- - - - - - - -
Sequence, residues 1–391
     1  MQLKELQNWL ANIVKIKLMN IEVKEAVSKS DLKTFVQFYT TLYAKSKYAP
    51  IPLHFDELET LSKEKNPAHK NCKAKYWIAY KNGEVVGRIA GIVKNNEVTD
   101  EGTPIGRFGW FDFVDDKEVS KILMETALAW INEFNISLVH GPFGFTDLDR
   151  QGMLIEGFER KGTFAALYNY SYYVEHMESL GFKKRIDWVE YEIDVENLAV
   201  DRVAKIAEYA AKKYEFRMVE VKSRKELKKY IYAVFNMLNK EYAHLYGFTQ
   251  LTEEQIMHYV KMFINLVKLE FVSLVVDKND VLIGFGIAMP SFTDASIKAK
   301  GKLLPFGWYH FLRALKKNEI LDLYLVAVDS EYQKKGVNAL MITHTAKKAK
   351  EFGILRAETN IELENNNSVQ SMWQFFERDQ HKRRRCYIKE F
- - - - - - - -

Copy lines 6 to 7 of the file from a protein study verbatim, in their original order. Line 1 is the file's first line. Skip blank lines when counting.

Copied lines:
   201  DRVAKIAEYA AKKYEFRMVE VKSRKELKKY IYAVFNMLNK EYAHLYGFTQ
   251  LTEEQIMHYV KMFINLVKLE FVSLVVDKND VLIGFGIAMP SFTDASIKAK